Bulk or Balance: Participation and General Health Outcomes in TBI Patients
Keywords:Traumatic Brain Injury
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Publisher:The Ohio State University
Series/Report no.:The Ohio State University. Department of Psychology Honors Theses; 2017
BACKGROUND: Traumatic Brain Injury (TBI) is a chronic health condition with severe physical, social, and cognitive implications. Individuals who have sustained a TBI likely experience deficits in frontal brain executive functioning, which is needed for successful living within the community. This decreased ability to participate and restrictions in life involvement potentially increase one’s risk for various health-related problems. OBJECTIVE: This study sought to determine the extent to which the amount or the balance across the domains of participation predicts health outcomes in TBI patients. In the context of the current study, balance is defined as having sufficient equilibrium between the three domains of participation. Data was originally collected through the Ohio Regional TBI Model Systems longitudinal study through participant interviews. It had not been analyzed in this context. METHODS: Participation at one year post-injury was measured over three domains: productivity, social relations, and being out and about in the community, using the Participation Assessment with Recombined Tools – Objective (PART-O). The standard deviation of the three domains was used to determine balance across these areas. The average item score was used to determine overall amount of participation. Health outcomes at two years post-injury were measured using questions regarding current ratings of health and physical health relative to the past year, as well as a questionnaire that assessed depression symptoms (Patient Health Questionnaire, PHQ-9). Multiple and logistic regression were applied to control for covariates that have previously been associated with health outcomes. RESULTS: This study found that greater participation at one year post-TBI is associated with lower likelihood of symptoms of major depressive disorder (p = 0.027) and better subjective ratings of current health (p = .001) reported at two years post-TBI. Balanced participation was not associated with health outcomes. CONCLUSION: Early intervention with participation in TBI patients may improve depressive symptoms and subjective feelings of health. Further understanding of these relationships will allow for improved treatment and rehabilitation in patients following a brain injury.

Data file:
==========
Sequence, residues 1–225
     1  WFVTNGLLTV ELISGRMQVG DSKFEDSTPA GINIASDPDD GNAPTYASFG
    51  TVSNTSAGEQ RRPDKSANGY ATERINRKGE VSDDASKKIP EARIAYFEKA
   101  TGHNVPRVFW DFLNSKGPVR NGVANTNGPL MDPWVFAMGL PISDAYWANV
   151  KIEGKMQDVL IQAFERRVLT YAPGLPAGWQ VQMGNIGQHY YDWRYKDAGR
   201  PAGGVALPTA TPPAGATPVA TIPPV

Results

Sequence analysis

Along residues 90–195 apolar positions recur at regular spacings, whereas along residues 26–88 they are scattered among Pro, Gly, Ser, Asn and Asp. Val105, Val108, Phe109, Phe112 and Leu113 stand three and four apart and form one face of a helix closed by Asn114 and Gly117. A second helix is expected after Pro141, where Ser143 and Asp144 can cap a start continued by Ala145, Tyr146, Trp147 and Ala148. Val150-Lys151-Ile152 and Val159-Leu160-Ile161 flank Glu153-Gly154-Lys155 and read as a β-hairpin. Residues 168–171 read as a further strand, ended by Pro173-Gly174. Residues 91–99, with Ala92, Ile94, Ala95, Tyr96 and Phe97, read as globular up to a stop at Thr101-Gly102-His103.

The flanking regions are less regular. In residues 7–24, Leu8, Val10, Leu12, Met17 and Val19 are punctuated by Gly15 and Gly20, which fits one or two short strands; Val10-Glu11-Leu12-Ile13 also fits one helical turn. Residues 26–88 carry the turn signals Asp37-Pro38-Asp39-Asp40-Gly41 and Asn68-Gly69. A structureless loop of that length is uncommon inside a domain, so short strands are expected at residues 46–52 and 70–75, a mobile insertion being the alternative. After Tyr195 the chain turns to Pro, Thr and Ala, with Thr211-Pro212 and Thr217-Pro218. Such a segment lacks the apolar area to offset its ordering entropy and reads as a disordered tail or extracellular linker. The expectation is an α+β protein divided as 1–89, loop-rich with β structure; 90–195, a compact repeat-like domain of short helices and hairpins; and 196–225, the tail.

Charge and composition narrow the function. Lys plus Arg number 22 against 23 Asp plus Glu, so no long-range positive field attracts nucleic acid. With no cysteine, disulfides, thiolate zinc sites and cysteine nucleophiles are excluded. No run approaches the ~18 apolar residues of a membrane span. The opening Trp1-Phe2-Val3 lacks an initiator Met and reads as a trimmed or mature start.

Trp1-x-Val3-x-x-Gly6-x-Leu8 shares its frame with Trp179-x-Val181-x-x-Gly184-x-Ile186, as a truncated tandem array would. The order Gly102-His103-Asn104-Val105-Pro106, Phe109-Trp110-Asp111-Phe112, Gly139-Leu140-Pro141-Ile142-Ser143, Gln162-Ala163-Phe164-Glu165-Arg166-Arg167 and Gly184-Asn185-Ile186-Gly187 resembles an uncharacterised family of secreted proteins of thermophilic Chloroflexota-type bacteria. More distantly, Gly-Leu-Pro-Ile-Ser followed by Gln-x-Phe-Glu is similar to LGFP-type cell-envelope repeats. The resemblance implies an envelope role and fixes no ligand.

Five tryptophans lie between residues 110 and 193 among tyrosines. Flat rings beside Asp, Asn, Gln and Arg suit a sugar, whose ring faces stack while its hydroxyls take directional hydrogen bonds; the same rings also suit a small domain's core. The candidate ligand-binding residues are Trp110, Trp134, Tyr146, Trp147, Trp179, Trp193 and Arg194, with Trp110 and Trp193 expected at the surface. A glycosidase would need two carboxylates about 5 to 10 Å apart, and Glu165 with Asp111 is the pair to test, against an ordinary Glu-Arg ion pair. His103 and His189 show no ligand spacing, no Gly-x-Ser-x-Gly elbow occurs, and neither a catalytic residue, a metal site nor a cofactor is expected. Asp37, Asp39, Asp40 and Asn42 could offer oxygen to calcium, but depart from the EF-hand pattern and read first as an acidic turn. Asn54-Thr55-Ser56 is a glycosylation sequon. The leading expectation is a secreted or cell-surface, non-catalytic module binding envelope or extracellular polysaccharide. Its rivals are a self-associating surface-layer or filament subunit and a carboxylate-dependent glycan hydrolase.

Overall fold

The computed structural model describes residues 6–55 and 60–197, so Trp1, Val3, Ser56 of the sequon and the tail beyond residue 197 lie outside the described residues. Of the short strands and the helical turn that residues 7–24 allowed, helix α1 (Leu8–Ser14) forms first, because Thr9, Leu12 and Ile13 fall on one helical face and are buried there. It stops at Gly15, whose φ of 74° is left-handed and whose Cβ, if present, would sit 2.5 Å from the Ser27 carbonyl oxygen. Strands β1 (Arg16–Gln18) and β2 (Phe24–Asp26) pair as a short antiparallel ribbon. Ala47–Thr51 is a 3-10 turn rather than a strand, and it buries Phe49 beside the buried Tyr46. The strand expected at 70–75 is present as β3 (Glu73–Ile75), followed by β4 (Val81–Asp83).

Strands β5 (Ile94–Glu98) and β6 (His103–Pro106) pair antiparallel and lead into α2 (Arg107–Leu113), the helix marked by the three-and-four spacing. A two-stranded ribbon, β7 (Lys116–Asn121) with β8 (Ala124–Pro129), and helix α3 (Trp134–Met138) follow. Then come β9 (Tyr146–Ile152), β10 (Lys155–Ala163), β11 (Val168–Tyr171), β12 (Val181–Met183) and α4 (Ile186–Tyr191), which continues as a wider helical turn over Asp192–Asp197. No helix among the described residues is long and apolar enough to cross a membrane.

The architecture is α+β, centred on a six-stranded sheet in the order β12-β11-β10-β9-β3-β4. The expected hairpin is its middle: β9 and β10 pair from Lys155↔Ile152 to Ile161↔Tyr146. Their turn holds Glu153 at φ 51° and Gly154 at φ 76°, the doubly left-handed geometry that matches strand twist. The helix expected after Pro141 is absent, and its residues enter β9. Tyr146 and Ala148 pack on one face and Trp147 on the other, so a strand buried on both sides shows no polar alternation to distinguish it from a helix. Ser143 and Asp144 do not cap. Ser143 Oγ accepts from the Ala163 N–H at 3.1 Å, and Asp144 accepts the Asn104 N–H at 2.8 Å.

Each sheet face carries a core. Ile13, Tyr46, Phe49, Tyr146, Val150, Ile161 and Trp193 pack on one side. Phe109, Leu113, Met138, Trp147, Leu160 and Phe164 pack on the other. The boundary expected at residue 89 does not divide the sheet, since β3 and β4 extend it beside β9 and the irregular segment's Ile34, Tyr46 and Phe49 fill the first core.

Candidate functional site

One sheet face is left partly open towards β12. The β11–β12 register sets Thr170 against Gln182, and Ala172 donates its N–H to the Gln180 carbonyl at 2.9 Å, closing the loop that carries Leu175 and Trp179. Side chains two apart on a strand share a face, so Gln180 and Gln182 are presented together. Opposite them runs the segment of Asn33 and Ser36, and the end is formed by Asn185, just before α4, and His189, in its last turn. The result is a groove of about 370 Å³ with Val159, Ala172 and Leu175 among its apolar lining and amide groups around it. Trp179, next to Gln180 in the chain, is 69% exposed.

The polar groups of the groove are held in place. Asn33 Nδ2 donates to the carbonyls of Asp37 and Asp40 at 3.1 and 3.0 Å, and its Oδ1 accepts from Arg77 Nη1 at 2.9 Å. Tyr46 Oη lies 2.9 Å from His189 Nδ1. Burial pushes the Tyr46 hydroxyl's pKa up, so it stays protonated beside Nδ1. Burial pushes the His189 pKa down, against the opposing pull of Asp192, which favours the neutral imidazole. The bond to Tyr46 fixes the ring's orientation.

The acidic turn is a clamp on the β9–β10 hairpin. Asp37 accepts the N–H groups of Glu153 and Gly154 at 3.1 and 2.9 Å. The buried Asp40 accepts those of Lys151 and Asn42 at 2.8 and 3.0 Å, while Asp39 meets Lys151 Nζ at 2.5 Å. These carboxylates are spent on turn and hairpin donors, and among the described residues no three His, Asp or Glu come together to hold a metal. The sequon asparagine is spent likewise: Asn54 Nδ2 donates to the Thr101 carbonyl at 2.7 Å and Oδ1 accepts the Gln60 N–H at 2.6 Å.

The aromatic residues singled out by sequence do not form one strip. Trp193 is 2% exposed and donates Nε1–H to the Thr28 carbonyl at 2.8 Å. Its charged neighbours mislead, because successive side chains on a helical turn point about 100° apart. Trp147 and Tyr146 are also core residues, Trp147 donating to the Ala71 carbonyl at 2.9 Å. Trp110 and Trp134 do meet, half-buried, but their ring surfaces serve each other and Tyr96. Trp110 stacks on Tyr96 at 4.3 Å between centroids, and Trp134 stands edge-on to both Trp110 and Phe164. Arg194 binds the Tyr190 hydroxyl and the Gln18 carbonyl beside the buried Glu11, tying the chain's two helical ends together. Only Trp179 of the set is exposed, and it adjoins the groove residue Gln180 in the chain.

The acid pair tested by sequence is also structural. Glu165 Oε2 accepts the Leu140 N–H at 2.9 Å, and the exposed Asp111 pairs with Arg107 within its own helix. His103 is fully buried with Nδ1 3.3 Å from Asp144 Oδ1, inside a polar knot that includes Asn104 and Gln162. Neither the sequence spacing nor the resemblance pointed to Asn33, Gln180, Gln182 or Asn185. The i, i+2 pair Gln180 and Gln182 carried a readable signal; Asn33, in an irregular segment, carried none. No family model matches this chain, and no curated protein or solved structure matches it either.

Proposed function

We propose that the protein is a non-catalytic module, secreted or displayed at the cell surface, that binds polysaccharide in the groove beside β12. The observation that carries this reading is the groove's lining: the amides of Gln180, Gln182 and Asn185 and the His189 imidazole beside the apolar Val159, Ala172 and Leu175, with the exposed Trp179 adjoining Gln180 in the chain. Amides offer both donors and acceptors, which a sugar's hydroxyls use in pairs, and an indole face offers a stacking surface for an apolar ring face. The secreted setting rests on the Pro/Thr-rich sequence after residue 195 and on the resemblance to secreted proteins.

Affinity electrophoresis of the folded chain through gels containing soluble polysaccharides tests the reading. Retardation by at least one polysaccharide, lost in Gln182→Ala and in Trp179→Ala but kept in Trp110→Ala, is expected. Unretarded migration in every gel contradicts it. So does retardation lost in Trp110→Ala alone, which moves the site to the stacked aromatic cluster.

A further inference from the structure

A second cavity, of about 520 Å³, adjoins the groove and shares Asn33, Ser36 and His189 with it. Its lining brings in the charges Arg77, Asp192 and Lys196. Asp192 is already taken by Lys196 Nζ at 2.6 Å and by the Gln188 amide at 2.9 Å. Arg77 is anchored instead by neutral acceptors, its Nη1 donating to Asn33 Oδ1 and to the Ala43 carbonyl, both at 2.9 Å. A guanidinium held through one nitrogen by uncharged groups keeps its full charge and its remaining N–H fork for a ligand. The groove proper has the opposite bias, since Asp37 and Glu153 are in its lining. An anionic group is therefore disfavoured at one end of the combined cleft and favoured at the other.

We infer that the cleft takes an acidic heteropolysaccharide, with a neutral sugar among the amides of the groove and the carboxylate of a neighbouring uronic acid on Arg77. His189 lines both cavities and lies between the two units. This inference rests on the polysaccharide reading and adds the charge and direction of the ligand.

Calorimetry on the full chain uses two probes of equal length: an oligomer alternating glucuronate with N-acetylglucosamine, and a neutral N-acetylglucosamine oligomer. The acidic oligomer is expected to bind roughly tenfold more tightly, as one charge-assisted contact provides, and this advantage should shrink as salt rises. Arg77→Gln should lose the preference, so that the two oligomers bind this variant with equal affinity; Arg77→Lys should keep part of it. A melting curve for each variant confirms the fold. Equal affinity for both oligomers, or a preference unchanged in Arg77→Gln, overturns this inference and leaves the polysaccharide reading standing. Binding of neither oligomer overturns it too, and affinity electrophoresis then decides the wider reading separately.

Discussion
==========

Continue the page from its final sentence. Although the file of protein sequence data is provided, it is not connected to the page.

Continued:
Academic Major: Psychology
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